A few days ago, a large new laboratory specialized in coronavirus tests was opened in Belgrade. In addition to the undoubted importance of the new laboratory in the fight against the current pandemic, the news of its opening attracted attention because of its unusual name – Fire Eye.
Government officials, with the help of Chinese guests, explained that the name comes from a Chinese fairytale about the fiery eyes of the mythical Monkey King, which see everything, perceive all dangers and threats no matter how concealed, and allow him to prevail over them. In Wuhan, the epicenter of the COVID-19 epidemic, a testing laboratory was given the same name and is said to have significantly contributed to the fight against the virus.
But, if the origin of this name, extravagant both for our circumstances and for the medical company, were explained to the citizens of Serbia, something much more trivial remained hidden – its cost. The citizens were only told that it was a donation, that the laboratory was not paid for by our taxpayers’ money, which is undoubtedly nice, but for many reasons it would also be nice, useful, and normal if they were officially informed about the nature and at least approximate value of this donation. And the fact that this information was kept hidden, perhaps not particularly important in itself, inevitably reminds us of something much more interesting – that the citizens do not really know anything, at least not reliably, about the value of other donations received from foreign countries and, organizations or from companies, entrepreneurs, citizens, nor about how they are used.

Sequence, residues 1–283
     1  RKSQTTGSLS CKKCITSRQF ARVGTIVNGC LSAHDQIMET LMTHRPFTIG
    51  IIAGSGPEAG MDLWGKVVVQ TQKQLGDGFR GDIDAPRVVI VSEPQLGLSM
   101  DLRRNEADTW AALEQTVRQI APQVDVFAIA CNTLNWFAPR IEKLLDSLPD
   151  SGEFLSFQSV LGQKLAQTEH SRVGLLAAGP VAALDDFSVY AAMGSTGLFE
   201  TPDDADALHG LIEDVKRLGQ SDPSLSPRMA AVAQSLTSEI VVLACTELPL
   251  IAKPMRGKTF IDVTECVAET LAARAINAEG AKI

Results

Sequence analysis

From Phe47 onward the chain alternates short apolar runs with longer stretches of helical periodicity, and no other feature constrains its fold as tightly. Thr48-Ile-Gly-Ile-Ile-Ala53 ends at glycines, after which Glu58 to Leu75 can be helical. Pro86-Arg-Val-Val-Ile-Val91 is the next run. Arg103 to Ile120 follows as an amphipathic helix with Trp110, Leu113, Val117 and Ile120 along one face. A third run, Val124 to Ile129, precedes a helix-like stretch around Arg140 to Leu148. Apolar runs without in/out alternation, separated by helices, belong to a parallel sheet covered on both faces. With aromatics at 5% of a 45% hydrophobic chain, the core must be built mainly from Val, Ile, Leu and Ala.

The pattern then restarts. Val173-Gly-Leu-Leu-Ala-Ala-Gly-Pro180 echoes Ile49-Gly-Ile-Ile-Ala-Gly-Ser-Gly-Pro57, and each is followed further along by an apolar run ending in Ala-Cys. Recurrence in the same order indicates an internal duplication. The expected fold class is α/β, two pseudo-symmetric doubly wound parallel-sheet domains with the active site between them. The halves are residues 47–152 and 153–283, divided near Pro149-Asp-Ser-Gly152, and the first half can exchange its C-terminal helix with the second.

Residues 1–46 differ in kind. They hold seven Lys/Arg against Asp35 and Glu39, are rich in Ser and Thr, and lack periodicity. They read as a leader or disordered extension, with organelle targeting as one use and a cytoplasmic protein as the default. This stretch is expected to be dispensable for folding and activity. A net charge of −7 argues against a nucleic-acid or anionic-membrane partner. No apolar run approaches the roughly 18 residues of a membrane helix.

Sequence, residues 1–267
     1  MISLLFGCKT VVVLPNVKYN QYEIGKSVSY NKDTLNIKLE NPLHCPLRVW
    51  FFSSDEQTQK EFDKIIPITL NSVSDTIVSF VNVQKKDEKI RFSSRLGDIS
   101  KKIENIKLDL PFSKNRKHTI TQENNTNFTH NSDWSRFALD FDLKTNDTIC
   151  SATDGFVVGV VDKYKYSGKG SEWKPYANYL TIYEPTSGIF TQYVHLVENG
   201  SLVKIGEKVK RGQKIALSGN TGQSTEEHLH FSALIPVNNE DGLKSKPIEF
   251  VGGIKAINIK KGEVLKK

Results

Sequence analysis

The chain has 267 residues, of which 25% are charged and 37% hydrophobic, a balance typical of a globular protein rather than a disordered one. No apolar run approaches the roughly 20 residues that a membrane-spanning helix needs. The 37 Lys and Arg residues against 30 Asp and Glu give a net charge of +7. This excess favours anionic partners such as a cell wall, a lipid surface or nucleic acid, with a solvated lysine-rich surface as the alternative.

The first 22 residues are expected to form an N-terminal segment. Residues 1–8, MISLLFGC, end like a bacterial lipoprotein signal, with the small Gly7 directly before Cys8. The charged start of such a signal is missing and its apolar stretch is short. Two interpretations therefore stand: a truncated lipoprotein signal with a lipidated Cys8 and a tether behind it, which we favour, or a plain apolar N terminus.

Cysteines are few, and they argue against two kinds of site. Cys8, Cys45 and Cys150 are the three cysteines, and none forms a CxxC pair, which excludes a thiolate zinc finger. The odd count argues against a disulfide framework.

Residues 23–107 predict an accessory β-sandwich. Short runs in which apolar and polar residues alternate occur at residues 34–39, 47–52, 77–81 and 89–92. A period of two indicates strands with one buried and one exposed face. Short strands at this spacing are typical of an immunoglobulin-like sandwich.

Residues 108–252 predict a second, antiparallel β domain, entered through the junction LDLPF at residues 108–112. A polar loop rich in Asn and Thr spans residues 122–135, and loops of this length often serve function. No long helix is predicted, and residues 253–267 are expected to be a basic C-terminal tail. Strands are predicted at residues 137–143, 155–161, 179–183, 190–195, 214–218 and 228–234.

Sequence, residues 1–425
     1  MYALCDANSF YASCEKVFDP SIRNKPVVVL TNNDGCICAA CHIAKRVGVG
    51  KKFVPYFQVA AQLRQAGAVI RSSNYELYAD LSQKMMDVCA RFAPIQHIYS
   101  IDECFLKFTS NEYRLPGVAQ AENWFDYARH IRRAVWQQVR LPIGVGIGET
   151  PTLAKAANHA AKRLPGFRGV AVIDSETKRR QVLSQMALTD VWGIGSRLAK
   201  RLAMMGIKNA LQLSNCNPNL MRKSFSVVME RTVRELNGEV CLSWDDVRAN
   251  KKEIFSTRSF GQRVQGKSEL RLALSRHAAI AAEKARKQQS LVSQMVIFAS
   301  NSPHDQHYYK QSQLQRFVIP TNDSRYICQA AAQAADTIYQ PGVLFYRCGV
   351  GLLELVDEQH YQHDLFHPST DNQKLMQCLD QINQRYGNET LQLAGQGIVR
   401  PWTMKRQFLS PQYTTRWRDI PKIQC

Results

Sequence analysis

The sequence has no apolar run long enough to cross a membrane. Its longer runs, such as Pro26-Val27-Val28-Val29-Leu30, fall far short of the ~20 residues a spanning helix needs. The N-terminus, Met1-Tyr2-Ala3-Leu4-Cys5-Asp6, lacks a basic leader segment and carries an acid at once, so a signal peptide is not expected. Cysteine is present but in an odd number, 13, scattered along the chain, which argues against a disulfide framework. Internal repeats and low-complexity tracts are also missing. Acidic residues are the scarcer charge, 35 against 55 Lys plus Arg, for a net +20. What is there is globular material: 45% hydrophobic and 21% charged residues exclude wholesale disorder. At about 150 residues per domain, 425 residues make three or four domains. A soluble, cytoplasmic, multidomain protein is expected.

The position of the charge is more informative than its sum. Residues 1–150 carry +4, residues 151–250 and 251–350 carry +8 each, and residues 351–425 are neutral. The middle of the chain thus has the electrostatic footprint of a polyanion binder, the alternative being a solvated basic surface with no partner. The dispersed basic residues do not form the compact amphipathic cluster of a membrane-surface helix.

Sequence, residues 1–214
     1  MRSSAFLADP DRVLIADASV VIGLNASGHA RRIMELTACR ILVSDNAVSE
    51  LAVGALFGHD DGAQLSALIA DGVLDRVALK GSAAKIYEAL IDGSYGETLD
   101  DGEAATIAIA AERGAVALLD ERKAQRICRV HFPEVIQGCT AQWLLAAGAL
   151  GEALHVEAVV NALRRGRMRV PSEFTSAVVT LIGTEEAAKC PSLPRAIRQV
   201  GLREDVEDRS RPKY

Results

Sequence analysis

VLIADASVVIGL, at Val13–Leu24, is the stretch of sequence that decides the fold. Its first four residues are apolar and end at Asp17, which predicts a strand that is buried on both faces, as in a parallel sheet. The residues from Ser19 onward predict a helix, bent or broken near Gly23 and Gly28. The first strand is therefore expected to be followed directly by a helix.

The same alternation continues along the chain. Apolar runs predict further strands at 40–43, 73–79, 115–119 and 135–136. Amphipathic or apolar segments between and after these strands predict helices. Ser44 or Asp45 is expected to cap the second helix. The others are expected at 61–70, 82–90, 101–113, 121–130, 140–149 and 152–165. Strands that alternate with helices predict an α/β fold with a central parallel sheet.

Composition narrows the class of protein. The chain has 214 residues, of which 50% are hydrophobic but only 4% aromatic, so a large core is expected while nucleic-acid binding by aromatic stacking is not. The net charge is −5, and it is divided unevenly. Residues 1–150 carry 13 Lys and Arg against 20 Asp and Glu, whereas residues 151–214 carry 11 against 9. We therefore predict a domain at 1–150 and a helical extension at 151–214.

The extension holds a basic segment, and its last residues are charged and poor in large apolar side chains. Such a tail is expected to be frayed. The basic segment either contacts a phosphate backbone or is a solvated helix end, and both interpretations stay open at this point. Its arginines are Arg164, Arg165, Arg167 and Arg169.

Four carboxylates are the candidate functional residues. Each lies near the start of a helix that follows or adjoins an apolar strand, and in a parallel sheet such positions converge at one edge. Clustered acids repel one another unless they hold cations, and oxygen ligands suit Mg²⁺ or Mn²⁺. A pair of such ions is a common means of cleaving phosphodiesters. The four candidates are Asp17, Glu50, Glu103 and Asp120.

The website of the ministry of finance published only instructions for payment of donations for assistance in the fight against Corona, i.e. COVID-19, but it did not publish any, especially not documented, reports on received donations in cash or equipment, or on where and according to which criteria these assets were being distributed.
The reason for this is inexplicable. All the more so because the citizens of Serbia had reason to hope that this problem had long been resolved, back during the 2014 floods. Back then, after the same kind of practice was widely sharply criticized, the Government of Serbia began to publish and regularly update information on received donations. It is worrying that this good practice has been forgotten by the Government in the meantime.
And the fact that the Serbian public does not have information about donations is less worrying than the fact that there is no information about the expenditures of large amounts of taxpayers’ money for equipment that our government procures as necessary for the fight against COVID-19. This is despite the fact that there is a statutory state Public procurement portal on which this information, by law, should be kept up to date and available to the general public. However, there is no information there and all the citizens of Serbia get are occasional bombastic, but incomplete bits of information about large purchases, mostly in a highly non-standard way, through statements made by the president to his favorite media or shared through his profiles on social networks, or more rarely from his associates.